How to Use a Nature Journal

Here are a few examples of ways to incorporate nature journals across classroom learning in all weather and seasons. Each of these ideas can be modified appropriately. 3 and 4 year olds will need 1 on 1 assistance learning how to workin a journal with an adult, and will document using short prompts and mostly pictures. It is worth the effort to get young children used to the idea that a nature journal is a normal part of life and weave the practice of nature journaling into the fabric of your school.

leaf margin observationsExploring leaf margins


Children of all ages really enjoy having a place to draw what they see outside and providing them with a consistent place to record their feelings about their natural world is a huge start toward building a life long love of nature and validating the importance of our nature in daily life.

  • Grow a pot with a flower and have the children practice writing words or sentences about it in their journals using whatever grammar or language mechanics you are working with at the time. Also provide a botany research work on that flower.

phonetic example teacher journal entry

  • Have children look out the window each day for a week and document weather observations and predictions in their journals. Elementary students can then, create a chart using fractions to relay how often their predictions were correct based off their observations. Tie this into your functional geography cloud lessons.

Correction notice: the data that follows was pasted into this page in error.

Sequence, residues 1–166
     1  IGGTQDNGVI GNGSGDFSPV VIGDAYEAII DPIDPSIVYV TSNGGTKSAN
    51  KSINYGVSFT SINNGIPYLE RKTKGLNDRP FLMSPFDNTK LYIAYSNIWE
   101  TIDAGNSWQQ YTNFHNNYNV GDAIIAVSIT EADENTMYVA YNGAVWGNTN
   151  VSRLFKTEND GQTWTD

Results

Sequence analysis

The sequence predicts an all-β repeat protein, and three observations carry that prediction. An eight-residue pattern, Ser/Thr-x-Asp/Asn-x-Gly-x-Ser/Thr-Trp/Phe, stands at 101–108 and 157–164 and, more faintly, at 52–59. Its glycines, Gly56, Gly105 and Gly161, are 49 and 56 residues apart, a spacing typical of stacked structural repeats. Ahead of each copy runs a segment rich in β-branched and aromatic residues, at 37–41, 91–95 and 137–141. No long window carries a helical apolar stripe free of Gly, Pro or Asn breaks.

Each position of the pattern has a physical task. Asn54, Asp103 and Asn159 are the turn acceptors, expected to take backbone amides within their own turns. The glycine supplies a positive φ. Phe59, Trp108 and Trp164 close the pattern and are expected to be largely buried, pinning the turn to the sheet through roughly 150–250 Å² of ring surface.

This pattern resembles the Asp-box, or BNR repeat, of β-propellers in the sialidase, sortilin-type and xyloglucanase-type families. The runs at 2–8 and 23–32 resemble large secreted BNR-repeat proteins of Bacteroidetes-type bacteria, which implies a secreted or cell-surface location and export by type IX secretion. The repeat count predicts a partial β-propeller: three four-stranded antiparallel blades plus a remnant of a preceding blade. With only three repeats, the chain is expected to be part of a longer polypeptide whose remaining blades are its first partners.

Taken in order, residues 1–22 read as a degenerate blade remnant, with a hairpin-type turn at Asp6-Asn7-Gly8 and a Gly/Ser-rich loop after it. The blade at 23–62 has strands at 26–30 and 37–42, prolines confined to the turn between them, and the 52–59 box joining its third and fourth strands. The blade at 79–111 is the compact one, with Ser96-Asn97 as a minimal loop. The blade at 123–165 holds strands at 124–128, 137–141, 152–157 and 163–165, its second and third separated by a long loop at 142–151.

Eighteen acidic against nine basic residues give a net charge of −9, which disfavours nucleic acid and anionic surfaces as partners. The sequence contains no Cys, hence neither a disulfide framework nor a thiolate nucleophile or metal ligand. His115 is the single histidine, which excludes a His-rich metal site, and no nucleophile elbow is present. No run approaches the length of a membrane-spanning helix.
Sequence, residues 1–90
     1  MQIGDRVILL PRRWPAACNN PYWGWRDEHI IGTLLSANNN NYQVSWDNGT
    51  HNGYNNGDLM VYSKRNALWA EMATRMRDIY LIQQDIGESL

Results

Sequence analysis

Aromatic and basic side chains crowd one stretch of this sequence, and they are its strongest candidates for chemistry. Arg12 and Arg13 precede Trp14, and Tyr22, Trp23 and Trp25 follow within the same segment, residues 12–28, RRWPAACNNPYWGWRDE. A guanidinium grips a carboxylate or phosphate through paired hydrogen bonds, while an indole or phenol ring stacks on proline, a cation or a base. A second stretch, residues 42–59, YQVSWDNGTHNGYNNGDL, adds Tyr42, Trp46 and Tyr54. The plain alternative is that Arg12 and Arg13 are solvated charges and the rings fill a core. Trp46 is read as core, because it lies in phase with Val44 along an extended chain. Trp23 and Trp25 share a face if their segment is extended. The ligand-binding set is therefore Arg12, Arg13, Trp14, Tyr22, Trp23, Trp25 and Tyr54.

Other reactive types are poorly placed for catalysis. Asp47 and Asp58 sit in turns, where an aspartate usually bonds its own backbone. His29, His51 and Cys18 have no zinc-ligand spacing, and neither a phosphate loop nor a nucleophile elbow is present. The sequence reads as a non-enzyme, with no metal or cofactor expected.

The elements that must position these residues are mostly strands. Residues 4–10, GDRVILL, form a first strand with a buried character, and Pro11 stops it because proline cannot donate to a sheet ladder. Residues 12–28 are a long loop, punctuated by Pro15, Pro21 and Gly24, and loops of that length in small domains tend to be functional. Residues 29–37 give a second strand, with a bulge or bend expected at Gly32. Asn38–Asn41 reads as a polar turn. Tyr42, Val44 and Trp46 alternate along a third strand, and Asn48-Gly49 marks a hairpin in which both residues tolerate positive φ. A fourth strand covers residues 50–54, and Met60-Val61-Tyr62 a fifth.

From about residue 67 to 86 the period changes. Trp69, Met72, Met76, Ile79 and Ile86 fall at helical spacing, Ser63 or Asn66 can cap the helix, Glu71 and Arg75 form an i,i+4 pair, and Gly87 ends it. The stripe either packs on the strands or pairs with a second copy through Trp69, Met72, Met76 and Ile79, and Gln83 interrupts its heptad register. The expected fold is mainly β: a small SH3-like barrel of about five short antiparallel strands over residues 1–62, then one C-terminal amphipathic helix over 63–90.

• Write seasonal stories or poetry and illustrate them based on observations made out the window, or within your outdoor environment, if you have one, using journal prompts. Young children can dictate stories about their prompted drawings.
  • Winter is a wonderful time to start a nature journal because it encourages us to connect with the outside when we may otherwise not. Study seasonal nature holidays and festivals from around the world and have the children celebrate them. Winter solstice is just around the corner and is a very concrete way to study day and night, seasonal changes, time and how humans have responded to seasonal shifts. Have the children journal about how their lives are different in winter and summer based on observations made when days are naturally shorter and longer.

ist grade winter journal page entry

  • Use the multiyear class grouping to track seasonal observations of a specific element, such as a tree, year to year in their journals. Get to know the local environment more consciously, by tracking: dates when leaves fall, birds migrate, flowers appear, rain is more plentiful, or where the sun and shadows fall. Then, students in their final year of a cycle create a school yard field guide or flyer to assimilate the pattern tracking. Only a window with a consistent view is needed for this!